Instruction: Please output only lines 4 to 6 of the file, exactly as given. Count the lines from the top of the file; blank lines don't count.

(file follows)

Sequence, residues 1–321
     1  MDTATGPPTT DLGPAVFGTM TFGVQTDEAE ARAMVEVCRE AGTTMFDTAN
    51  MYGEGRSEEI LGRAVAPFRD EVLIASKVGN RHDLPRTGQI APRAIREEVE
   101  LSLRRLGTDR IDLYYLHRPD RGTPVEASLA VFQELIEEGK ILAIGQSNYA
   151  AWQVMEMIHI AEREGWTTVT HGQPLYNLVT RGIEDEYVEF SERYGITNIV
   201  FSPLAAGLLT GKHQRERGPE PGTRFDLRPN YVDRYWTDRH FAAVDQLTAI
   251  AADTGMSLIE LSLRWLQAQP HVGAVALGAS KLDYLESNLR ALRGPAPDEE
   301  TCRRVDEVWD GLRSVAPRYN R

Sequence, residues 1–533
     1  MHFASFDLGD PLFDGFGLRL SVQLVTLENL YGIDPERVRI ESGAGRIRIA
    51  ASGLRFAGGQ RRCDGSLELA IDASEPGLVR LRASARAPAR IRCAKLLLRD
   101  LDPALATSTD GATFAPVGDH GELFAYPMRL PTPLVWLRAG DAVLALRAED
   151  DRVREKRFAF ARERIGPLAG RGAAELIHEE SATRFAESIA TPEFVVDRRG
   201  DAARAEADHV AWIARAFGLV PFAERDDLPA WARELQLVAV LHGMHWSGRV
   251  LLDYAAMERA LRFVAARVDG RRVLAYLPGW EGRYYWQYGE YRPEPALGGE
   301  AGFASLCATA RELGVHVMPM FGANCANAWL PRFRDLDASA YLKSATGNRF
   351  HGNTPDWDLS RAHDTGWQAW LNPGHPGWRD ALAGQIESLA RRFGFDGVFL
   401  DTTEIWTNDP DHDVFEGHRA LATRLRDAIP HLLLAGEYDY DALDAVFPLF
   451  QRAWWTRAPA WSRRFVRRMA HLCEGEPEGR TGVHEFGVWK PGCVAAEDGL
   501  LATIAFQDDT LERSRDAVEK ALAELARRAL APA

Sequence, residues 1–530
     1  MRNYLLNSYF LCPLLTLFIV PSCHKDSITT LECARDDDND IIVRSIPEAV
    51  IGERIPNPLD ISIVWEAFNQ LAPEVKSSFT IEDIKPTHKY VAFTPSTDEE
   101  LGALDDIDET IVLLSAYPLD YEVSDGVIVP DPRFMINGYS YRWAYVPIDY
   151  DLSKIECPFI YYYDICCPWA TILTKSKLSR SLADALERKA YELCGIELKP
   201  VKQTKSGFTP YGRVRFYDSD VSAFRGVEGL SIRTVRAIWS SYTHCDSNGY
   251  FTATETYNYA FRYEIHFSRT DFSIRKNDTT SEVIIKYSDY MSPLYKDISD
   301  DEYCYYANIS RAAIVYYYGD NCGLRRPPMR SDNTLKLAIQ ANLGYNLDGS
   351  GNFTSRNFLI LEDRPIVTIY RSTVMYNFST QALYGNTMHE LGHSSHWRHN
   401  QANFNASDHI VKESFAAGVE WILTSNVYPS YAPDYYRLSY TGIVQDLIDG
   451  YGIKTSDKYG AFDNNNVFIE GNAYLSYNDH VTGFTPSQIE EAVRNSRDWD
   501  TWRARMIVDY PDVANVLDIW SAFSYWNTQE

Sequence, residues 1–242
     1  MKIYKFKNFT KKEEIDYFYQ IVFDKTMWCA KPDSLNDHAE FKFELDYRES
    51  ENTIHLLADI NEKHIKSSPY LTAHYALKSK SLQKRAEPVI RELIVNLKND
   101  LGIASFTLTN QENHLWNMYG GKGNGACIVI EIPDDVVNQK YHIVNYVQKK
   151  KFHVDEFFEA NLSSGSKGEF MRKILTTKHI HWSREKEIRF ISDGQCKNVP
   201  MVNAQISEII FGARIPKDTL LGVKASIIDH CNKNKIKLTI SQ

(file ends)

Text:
   101  LSLRRLGTDR IDLYYLHRPD RGTPVEASLA VFQELIEEGK ILAIGQSNYA
   151  AWQVMEMIHI AEREGWTTVT HGQPLYNLVT RGIEDEYVEF SERYGITNIV
   201  FSPLAAGLLT GKHQRERGPE PGTRFDLRPN YVDRYWTDRH FAAVDQLTAI